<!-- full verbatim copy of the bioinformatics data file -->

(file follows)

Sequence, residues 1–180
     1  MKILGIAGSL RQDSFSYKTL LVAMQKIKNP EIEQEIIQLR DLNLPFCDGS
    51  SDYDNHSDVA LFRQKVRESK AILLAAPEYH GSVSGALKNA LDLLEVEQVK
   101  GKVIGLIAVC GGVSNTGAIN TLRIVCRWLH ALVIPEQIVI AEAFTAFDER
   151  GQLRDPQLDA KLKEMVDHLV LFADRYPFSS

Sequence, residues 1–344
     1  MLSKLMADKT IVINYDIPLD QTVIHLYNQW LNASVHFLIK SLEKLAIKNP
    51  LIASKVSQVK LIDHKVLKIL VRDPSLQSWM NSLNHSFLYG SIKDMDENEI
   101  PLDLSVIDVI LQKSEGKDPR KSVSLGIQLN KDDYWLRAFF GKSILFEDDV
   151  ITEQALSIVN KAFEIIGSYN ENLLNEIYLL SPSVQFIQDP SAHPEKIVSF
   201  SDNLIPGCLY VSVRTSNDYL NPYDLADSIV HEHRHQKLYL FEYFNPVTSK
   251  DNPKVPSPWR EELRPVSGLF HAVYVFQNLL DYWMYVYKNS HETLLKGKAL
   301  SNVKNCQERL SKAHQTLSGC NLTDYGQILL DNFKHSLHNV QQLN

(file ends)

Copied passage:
Sequence, residues 1–180
     1  MKILGIAGSL RQDSFSYKTL LVAMQKIKNP EIEQEIIQLR DLNLPFCDGS
    51  SDYDNHSDVA LFRQKVRESK AILLAAPEYH GSVSGALKNA LDLLEVEQVK
   101  GKVIGLIAVC GGVSNTGAIN TLRIVCRWLH ALVIPEQIVI AEAFTAFDER
   151  GQLRDPQLDA KLKEMVDHLV LFADRYPFSS

Sequence, residues 1–344
     1  MLSKLMADKT IVINYDIPLD QTVIHLYNQW LNASVHFLIK SLEKLAIKNP
    51  LIASKVSQVK LIDHKVLKIL VRDPSLQSWM NSLNHSFLYG SIKDMDENEI
   101  PLDLSVIDVI LQKSEGKDPR KSVSLGIQLN KDDYWLRAFF GKSILFEDDV
   151  ITEQALSIVN KAFEIIGSYN ENLLNEIYLL SPSVQFIQDP SAHPEKIVSF
   201  SDNLIPGCLY VSVRTSNDYL NPYDLADSIV HEHRHQKLYL FEYFNPVTSK
   251  DNPKVPSPWR EELRPVSGLF HAVYVFQNLL DYWMYVYKNS HETLLKGKAL
   301  SNVKNCQERL SKAHQTLSGC NLTDYGQILL DNFKHSLHNV QQLN